Bolton’s ouster to speed up nu­clear talks with NK

De­par­ture of hawk­ish aide could be good sign for re­sum­ing di­a­logue

The Korea Times - - FRONT PAGE - By Lee Min-hyung mh­[email protected]­re­atimes.co.kr

Fol­low­ing the exit of hawk­ish Na­tional Se­cu­rity Ad­viser John Bolton from Pres­i­dent Don­ald Trump’s ad­min­is­tra­tion af­ter he was un­cer­e­mo­ni­ously fired, Wash­ing­ton is now ex­pected to soften its hard­line ap­proach to­ward North Korea when both sides re­sume their talks on de­nu­cle­ariza­tion of the Korean Penin­sula, ex­perts said Wed­nes­day.

The ouster of Bolton is seen as a mes­sage from Trump that he badly wants to re­vive the stalled talks since the fail­ure of the Hanoi sum­mit ear­lier this year. The U.S. pres­i­dent is widely seen as try­ing to gen­er­ate a good for­eign af­fairs pol­icy out­come in his bid for re-elec­tion next year. Bolton’s de­par­ture came as Py­ongyang showed its will­ing­ness to re­sume work­ing-level nu­clear talks with the U.S. later this month.

“North Korea will ap­par­ently wel­come Trump’s ouster of Bolton, as the hawk­ish fig­ure has long been seen as a thorn in its side from the North’s viewpoint,” said Park Won­gon, a pro­fes­sor of in­ter­na­tional re­la­tions at Han­dong Global Univer­sity.

“This is a pos­i­tive sign in terms of re­sum­ing the nu­clear talks be­tween Wash­ing­ton and Py­ongyang.”

But the ex­pert pointed out that Bolton’s ab­sence could have a neg­a­tive im­pact on Wash­ing­ton’s ul­ti­mate long-term goal of achiev­ing com­plete de­nu­cle­ariza­tion of the North.

“Bolton was well aware of what de­nu­cle­ariza­tion is and has al­ways stuck to prin­ci­ples with­out be­ing swayed by po­lit­i­cal in­ter­ests,” Park said. Bolton was the most ap­pro­pri­ate fig­ure who could de­liver crit­i­cal and re­al­is­tic mes­sages to Trump, so there are now con­cerns on whether the U.S. pres­i­dent will be able to fill the po­si­tion with some­one who is as well-versed in de­nu­cle­ariza­tion, the pro­fes­sor said.

All eyes are on who will re­place Bolton, as his suc­ces­sor will play a cru­cial role in shap­ing Trump’s North Korea pol­icy drive. Trump said he would be nam­ing a new ad­viser some­time next week.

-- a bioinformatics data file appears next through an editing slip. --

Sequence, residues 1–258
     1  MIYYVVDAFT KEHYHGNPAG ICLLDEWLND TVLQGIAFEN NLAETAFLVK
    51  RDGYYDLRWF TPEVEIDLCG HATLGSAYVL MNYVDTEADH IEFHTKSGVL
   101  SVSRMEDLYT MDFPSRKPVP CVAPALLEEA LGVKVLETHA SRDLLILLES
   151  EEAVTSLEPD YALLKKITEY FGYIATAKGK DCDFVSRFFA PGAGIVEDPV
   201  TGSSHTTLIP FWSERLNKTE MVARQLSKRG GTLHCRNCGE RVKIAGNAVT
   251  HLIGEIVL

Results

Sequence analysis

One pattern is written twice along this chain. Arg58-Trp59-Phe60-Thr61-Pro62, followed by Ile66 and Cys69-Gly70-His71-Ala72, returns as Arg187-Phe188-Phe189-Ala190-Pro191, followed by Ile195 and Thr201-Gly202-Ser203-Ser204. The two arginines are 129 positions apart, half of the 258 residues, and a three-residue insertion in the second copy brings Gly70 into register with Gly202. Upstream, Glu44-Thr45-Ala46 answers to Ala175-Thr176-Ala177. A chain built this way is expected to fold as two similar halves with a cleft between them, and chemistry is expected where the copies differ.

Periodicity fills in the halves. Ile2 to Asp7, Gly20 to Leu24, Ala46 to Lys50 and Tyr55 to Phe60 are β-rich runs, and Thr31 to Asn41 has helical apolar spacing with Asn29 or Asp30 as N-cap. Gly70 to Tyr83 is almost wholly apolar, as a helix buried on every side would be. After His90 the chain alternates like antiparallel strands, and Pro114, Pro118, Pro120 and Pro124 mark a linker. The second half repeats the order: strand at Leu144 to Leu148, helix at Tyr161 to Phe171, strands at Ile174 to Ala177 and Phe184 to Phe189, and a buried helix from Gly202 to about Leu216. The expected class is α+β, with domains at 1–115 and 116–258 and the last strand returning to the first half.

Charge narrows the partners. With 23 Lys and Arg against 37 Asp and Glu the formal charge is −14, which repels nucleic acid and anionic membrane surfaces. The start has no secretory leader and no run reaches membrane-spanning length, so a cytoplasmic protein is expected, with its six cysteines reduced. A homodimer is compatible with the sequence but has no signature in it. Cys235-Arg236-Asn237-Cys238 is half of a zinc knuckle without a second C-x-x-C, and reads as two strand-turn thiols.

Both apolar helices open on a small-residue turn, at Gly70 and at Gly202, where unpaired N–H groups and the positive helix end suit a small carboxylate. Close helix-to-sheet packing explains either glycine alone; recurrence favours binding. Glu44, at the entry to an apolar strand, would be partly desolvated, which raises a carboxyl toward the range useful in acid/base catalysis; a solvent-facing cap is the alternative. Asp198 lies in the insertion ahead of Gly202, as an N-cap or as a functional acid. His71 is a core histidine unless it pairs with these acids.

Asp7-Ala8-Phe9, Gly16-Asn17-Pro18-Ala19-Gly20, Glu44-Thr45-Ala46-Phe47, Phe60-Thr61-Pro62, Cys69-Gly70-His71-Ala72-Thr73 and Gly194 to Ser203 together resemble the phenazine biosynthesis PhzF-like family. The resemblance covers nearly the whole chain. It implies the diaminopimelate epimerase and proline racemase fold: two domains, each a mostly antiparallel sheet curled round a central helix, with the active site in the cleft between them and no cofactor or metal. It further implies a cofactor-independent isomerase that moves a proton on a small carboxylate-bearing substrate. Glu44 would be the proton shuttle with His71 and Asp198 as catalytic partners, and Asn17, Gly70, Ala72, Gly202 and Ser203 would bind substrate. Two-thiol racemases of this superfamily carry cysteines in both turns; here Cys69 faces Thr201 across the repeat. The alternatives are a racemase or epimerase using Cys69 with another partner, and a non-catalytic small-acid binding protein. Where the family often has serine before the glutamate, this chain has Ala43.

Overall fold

Bolton, who has served as the U.S. na­tional se­cu­rity ad­viser since April 2018, has clashed with Trump on a series of na­tional se­cu­rity is­sues, which the U.S. leader said was the rea­son for fir­ing the hard­line aide.

“I in­formed John Bolton last night that his ser­vice was no longer needed at the White House,” Trump tweeted Tues­day. “I dis­agreed strongly with many of his sug­ges­tions, as did oth­ers in the ad­min­is­tra­tion.”

Bolton is fa­mous for his strong an­tag­o­nis­tic views on North Korea. His stance, how­ever, did not mesh with that of the Trump ad­min­is­tra­tion, which wants to con­tinue urg­ing the North to re­turn to ne­go­ti­a­tions.

Trump and Bolton have had crit­i­cal dis­crep­an­cies re­gard­ing the North. Bolton re­cently slammed Py­ongyang for launch­ing short­range mis­siles, say­ing the provo­ca­tions were banned un­der United Na­tions res­o­lu­tions.

But Trump did not re­act strongly to the North’s re­cent mis­sile tests, “de­fend­ing” the coun­try by say­ing they were noth­ing more than “small weapons.”

The nu­clear talks be­tween the two have been sus­pended since the fail­ure of the Hanoi sum­mit be­tween Trump and North Korean leader Kim Jong-un last Fe­bru­ary.

John Bolton

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